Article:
Institute for War and Peace Reporting | Giving Voice, Driving Change

Cool Response to Constitutional Changes in Kazakstan

The president and his party stand to gain most from the proposed amendments.
By Abdujalil Abdurasulov
Proposed constitutional changes hailed by the Kazak leadership as democratic reforms are actually aimed at ensuring President Nursultan Nazarbaev holds on to power even after he leaves office, say analysts interviewed by IWPR.



On the surface, the amendments suggested by Nazarbaev appear to advance political reforms in the country, one stipulation imposed by the OSCE if Kazakstan is to achieve its goal of chairing the organisation in 2009.



But rather than relax restrictive laws on formation of political parties and freedom of assembly, critics say that Nazarbaev has opted for changes that would strengthen his own Nur Otan party, and thereby consolidate his own position.



He wants to increase to 50 per cent the proportion of parliamentary seats elected by proportional representation using party lists. Currently, 67 of the 77 members of parliament are elected in first-past-the-post constituencies.



Under the new system, the majority party would have the right to pick a government – a shift from the current arrangement where the president appoints the prime minister, and then both decide on the cabinet together.



Nazarbaev is also suggesting that parliament should have control over the government budget, and nominate members to the Constitutional Council and the Central Electoral Commission.



The president has described the changes – which are now being examined by a working group with a view to finalising the amendments before they are put to the vote – as a reflection of “strategic priorities in the current phase of political modernisation”.



His critics are unconvinced, pointing out that the amendments are unlikely to create more democracy.



Political scientist Sergey Duvanov says Nur Otan – the largest and strongest party – will be the only one to benefit from a greater allocation of seats in parliament. As Otan, the party won 60 per cent of the vote in the last parliamentary election, and is now even stronger after it absorbed three smaller pro-Nazarbaev parties – Asar, the Agrarians and the Civic Party – changing its name in the process.



Andrey Chebotarev, director of the Alternative research centre, is certain that Nazarbaev’s plan is designed to strengthen Nur Otan.



He says the new constitutional arrangements would facilitate a Kazakstan version of regime change – allowing Nazarbaev to move a new position when he leaves office in 2013, and to enjoy most, if not all the influence he had as president.



“When the president’s term is over, such a mixed parliamentary-presidential system could come in very handy. The president could either be speaker of parliament or head of the dominant party. And so he would continue to rule the country.”



He explained Nazarbaev’s apparent reluctance to step away from politics altogether, saying, “Given our political culture, every leader expects to be persecuted by his successor. It’s a legacy of the Soviet period.”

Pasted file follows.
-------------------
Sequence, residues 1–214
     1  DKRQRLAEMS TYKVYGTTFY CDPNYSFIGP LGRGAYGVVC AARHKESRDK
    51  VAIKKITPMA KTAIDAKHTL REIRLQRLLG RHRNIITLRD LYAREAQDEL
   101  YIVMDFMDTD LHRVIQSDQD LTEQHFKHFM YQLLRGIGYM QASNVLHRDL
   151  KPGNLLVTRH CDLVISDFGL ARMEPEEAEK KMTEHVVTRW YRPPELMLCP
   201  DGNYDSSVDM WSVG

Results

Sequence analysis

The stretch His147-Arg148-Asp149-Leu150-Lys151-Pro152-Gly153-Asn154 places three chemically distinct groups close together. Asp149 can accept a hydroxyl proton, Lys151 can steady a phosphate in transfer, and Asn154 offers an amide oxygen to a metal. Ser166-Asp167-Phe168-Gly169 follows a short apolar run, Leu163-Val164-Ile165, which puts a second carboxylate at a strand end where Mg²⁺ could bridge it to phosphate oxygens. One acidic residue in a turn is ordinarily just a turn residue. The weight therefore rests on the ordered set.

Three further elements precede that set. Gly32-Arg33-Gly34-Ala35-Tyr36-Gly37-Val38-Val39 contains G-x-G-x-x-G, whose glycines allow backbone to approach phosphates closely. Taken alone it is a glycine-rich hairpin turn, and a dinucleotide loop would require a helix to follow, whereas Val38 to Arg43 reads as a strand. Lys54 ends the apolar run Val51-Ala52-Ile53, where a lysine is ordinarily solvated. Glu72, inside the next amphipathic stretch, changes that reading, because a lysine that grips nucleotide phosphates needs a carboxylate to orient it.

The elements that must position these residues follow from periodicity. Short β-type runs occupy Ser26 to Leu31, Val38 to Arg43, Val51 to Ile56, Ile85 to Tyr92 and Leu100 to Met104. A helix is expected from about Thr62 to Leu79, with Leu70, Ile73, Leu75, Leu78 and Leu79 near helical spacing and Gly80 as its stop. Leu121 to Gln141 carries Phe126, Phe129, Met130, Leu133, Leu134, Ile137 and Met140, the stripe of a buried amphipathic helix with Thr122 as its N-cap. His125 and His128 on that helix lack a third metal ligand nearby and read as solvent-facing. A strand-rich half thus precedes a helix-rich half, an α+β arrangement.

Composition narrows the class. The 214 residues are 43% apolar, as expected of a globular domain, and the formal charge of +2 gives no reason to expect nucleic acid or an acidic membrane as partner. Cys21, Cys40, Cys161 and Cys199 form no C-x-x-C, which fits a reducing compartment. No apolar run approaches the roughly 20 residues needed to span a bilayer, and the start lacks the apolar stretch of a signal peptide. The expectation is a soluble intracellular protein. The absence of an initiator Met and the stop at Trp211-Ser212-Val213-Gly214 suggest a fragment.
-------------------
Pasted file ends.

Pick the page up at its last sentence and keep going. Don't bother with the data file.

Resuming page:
Erkin Tykunov from the Central Asian Foundation for Democratic Development argues that the proposals are in fact a response to the OSCE’s concerns about whether Kazakstan is ready to take over the chairmanship of the regional grouping in 2009.



OSCE foreign ministers last year postponed the decision on Kazakstan’s bid, questioning its democratic credentials and pointing out that political reforms launched in 1991 are still incomplete. They plan to review the decision when they next meet in December.



“The reason for initiating this campaign to amend the constitution is the December OSCE summit in Madrid,” said Tykunov.



Whatever happens, Nazarbaev has made clear that he has no plans to give up too many of his presidential powers just yet. In a February 19 speech, he said the presidential system will be upheld, and the constitutional changes should not make the institution of the presidency any weaker.



Igor Rogov, the Constitutional Council chairman who has been appointed as the deputy head of the working group looking at the proposed changes, believes retaining the presidential system while simultaneously maximising the powers of parliament will speed up democratisation in Kazakstan.



Duvanov remains sceptical that the two concepts can sit side by side.



“The president has stated explicitly that the strong presidential system will remain,” he said. “If you ask who rules the state, how that happens, and which direction it takes, you arrive at the same person as before. Nothing will change.”



The working group is due to report in three or four months, after which the changes will be put to a vote – either in parliament or in a nationwide referendum.



Abdujalil Abdurasulov is an independent journalist based in Almaty.

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